This tag was created by Wendy @ Falconer’s Library. I’m embarrassed to say that I don’t read much nonfiction (is it too early for 2017 reading resolutions?), but I thought I’d give this tag a try.
You guys are about to get a small glimpse at my bizarre interests. I’m terrible at math (maybe I should buy a math book), but I’d guess that 85% of the nonfiction on my shelves is about religious extremism, 10% is writing reference books, 4% somehow involves dogs, and 1% is other random stuff. Basically, I read a lot about cults, dogs, and grammar.
1. A book well outside your base of knowledge?
I have 2 philosophy books on my shelf, but I’ve never been interested in philosophy. One is Being and Time by Martin Heidegger. The other is The Portable Nietzsche. I read both of them and remember pretty much nothing about them.
2. A book that you refer to often?
I refer to my literature and editing books all the time. The ones that come off my shelf most often are The Chicago Manual of Style, The MLA Handbook for Writers of Research Papers, and A Handbook to Literature. Don’t those all sound amazing? I’m sure you’re adding them to your TBR lists right now . . .
3. A book you were assigned to read and found fascinating?
In Cold Blood by Truman Capote. It was assigned reading for 9th grade English, and I loved it. I need to track down a copy and reread it. Brutal murders are pretty fascinating. (Unless you’re the one being murdered, I guess.)
4. A book that would start a great book club discussion?
I haven’t been in a book club since I was 12, and our book discussions weren’t exactly deep. Maybe Under the Banner of Heaven by Jon Krakauer would make a good book club pick? It’s about the history of the Mormon religion and modern-day Mormon Fundamentalism. Actually, that might not be a good book club pick. Is anyone interested in Mormons besides me? My book club might be a bit odd.
5. A book you could (or do) reread annually?
This might be cheating because I only read this book for the first time a few weeks ago, but I’m going to say Furiously Happy: A Funny Book about Horrible Things by Jenny Lawson. It’s hilarious and made me feel better about the horrible things in my life. Also, raccoons.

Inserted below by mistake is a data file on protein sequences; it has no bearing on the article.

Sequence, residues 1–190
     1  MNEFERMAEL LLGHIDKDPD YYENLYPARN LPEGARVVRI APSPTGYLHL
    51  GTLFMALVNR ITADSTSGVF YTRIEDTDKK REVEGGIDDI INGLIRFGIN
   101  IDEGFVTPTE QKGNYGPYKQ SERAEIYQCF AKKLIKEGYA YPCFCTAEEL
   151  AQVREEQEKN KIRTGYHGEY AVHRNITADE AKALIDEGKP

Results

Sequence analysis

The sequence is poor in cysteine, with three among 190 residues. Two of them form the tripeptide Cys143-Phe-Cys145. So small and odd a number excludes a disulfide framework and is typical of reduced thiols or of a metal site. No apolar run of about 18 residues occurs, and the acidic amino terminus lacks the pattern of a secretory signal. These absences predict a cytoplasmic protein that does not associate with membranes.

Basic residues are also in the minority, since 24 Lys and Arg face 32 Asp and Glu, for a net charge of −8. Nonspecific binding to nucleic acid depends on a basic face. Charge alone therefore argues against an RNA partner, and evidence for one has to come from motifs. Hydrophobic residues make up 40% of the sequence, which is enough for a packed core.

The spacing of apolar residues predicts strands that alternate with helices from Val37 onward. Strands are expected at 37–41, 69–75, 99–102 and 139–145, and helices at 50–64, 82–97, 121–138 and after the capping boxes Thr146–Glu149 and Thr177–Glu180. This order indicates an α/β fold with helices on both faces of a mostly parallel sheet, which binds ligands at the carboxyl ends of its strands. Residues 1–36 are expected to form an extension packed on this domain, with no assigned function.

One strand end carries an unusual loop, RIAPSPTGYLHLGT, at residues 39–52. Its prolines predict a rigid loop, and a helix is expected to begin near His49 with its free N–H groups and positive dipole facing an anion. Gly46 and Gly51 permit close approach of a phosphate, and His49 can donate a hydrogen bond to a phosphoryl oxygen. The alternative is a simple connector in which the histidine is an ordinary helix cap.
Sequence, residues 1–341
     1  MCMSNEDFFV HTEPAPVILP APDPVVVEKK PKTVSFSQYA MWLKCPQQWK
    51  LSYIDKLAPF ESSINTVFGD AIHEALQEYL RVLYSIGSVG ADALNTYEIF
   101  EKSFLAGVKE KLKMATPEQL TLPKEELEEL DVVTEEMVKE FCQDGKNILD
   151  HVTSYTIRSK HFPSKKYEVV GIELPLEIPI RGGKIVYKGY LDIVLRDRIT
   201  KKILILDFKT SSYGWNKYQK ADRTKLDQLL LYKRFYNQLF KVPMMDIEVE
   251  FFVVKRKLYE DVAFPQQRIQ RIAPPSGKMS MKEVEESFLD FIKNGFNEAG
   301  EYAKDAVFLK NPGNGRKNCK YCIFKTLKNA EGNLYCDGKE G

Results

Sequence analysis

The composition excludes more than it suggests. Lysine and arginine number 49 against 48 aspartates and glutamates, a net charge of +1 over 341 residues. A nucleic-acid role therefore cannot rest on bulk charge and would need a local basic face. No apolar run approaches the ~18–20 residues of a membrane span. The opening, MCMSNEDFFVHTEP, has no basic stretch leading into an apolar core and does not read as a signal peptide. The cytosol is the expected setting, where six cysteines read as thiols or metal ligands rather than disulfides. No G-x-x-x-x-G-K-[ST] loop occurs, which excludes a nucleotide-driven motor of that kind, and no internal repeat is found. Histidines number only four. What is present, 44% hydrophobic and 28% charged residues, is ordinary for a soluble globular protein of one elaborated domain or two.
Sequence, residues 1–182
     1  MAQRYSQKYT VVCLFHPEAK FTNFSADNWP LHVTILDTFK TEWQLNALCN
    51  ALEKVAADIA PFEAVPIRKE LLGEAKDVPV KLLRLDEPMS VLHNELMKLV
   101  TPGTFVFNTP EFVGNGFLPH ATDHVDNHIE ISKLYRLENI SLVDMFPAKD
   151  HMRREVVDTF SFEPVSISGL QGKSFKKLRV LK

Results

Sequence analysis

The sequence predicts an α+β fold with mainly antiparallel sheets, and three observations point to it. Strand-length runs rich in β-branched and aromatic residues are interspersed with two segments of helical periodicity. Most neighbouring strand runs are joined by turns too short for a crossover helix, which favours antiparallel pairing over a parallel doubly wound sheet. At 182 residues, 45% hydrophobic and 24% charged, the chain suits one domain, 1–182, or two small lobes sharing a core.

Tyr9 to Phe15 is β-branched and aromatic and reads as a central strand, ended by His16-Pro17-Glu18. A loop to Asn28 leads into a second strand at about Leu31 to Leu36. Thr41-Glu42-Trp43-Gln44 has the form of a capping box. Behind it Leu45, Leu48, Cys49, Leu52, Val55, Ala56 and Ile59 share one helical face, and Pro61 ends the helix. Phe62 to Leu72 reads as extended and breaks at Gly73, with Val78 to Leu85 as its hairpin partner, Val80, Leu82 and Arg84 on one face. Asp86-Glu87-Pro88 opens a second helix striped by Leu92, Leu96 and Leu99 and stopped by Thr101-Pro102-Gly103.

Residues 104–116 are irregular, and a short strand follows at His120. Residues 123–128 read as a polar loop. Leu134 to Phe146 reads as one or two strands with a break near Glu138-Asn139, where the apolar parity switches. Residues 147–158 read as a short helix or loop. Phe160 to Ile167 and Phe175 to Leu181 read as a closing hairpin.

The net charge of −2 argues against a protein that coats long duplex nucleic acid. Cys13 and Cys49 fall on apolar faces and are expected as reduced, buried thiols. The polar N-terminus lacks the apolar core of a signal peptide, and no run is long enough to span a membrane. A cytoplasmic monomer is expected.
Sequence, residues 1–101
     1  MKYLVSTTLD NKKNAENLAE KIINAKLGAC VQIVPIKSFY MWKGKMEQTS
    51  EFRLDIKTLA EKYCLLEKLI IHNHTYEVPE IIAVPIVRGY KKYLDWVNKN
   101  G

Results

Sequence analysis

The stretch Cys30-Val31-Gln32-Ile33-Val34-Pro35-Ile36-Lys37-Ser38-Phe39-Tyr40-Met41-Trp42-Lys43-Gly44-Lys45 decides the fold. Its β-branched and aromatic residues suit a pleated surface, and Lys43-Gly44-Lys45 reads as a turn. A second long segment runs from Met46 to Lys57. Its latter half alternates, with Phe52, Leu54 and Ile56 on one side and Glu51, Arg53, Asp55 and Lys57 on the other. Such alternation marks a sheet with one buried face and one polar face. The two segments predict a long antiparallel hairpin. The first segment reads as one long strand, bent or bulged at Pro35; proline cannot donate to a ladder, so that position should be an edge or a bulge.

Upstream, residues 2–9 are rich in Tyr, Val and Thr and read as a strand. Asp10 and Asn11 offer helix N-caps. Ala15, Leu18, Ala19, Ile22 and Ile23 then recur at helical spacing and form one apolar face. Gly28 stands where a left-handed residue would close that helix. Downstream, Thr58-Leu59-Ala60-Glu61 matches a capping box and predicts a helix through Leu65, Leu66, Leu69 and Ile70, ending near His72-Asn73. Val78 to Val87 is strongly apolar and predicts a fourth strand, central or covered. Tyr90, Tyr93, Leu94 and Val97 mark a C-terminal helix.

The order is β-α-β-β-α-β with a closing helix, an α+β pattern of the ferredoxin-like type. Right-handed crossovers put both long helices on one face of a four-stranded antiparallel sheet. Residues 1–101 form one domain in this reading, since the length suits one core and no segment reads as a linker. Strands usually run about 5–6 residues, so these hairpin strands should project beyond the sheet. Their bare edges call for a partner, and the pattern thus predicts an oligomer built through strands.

6. An essay or poetry collection?
Turn Me Loose: The Unghosting of Medgar Evers by Frank X Walker is a book of poetry about the assassination of Medgar Evers. If you’re new to poetry, this is a great place to start. The poems are easy to understand and educational.
7. Graphic novel (or other unusual format)?
I don’t read enough sequential art books, but one of my favorites is Blankets by Craig Thompson. It’s a graphic memoir about religion, abuse, and angsty teenage love.
8. A book someone recommended to you?
The Power of Myth by Joseph Campbell. This book has been recommended to me by so many people. But, I haven’t read it. It’s been sitting on my TBR shelf for months. Supposedly, it’ll help deepen my understanding of literature. Unfortunately, reading YA books is much more appealing than deepening my understanding of anything. I swear I’ll read The Power of Myth someday.
9. A book about books, writing, or writers?
My favorite book about writing is Stephen King’s On Writing. If you want to write anything, you need to read this first. It should be required reading for all wannabe writers. King teaches you the basics of writing in a way that doesn’t make you want to jump off the nearest skyscraper. I’ve read a lot of writing reference books, and almost all of them are so boring you’ll want to gouge out your eyes so you'll have an excuse to stop reading.
10. A book that made you laugh out loud or cry actual tears?
Can I use Furiously Happy again? That book made me laugh out loud. A book has never made me cry, but I got really sad while reading My Life in Orange by Tim Guest. The author grew up in various communes around the world. Reading about child neglect is like being kicked in the crotch and then set on fire. It’s not the most pleasant thing in the world.
What’s your favorite nonfiction book?